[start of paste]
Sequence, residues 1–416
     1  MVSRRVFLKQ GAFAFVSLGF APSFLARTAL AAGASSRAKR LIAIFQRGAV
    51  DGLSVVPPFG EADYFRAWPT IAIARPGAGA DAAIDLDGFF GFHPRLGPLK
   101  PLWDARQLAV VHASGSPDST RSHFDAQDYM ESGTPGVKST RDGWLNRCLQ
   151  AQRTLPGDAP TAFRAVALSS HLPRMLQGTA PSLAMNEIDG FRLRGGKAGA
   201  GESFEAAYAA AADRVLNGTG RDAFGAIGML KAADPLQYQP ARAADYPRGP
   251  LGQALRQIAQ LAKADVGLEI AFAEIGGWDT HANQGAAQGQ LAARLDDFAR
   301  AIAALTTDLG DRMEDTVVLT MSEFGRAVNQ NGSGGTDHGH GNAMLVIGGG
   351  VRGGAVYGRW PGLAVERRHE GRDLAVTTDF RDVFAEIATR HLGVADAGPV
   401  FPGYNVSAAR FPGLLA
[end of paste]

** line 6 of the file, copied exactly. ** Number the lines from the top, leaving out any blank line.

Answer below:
   201  GESFEAAYAA AADRVLNGTG RDAFGAIGML KAADPLQYQP ARAADYPRGP